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December 17, 2017

Library Collection

Articles & Research : Fund Your Business

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Library closed Dec. 24 and 25

All locations of The Seattle Public Library and the book drops at the Central Library will be closed on Christmas Eve, Sunday, Dec. 24 and Christmas Day, Monday, Dec. 25.

Fund your business

Library to Business - the Library can help you succeed

Small businesses and start-ups can raise capital from many sources:

Library resource - may require a Library card and PIN

Library resource - may require a Library card and PIN.

Selected
Web site

Available only in Library locations

 

Ask a business question
Free website - no Library card required

Commercial Lenders

Financial institutions, such as banks and credit unions, which make loans to businesses.

Free website - no Library card required

Crowdfunding

Small amounts of capital from a large number of individuals to start or grow a business.

Quick start guide: L2B: Crowdfunding

Free website - no Library card required

Friends and family

Create your network. Use social media tools, such as LinkedIn, Facebook and Twitter.
6 Tips for Borrowing Startup Funds from Friends or Family

Free website - no Library card required

Local, state and federal business grants

Government agencies do not generally fund small businesses with grants. Some specialized federal grants may be searched in grants.gov.

Free website - no Library card required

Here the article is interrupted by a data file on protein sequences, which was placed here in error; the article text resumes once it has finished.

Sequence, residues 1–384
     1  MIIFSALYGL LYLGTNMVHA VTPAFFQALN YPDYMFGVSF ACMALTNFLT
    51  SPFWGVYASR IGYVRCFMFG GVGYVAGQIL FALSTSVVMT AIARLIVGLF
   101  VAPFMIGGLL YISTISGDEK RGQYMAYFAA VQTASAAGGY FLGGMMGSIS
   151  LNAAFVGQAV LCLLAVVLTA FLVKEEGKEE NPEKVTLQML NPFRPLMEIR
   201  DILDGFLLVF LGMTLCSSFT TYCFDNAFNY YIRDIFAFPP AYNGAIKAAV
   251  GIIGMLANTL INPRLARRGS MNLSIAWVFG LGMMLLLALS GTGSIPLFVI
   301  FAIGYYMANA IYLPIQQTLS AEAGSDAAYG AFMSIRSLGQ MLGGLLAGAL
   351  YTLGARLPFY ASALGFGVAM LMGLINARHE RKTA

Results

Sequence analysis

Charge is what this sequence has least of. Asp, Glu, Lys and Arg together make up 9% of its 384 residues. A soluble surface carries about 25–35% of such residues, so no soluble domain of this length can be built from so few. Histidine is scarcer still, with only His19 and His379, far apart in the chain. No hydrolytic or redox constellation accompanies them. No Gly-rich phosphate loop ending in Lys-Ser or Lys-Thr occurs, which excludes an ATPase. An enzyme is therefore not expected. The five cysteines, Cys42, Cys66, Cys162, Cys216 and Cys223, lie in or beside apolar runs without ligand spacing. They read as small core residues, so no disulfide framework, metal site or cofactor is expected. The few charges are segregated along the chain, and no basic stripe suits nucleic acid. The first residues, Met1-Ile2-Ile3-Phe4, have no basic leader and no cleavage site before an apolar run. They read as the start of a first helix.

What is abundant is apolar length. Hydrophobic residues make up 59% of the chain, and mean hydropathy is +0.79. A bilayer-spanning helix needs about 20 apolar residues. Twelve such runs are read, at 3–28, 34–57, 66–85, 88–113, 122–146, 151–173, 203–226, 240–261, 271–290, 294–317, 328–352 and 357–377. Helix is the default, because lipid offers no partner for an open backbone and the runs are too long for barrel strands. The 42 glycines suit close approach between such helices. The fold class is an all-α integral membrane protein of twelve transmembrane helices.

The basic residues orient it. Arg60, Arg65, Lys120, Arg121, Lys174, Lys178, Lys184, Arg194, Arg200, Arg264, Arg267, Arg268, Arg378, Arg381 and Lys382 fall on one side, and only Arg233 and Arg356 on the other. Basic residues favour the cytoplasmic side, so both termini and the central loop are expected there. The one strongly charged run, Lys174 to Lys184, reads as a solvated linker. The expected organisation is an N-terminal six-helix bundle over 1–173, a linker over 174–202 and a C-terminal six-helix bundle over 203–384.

Community development corporations

Nonprofit organizations focused on revitalizing neighborhoods, typically low-income, underserved.

Free website - no Library card required

Microlending

Small loans to low-income groups or individuals who may not qualify for credit from traditional lenders.

Free website - no Library card required

Small Business Administration approved lenders

Small Business Administration (SBA) has a quick and easy tool to connect small business owners to approved SBA lenders.

Free website - no Library card required

Venture capital and Angel Investors

Investment funds providing seed money to early stage, high-growth, companies, often in the technology sector. Venture capital investments are generally made as cash in exchange for an equity interest such as shares or an active role in the invested company. Angel investors are individuals who provide venture capital for start-ups.

 

Quick Start Guide: L2B: Business Funding

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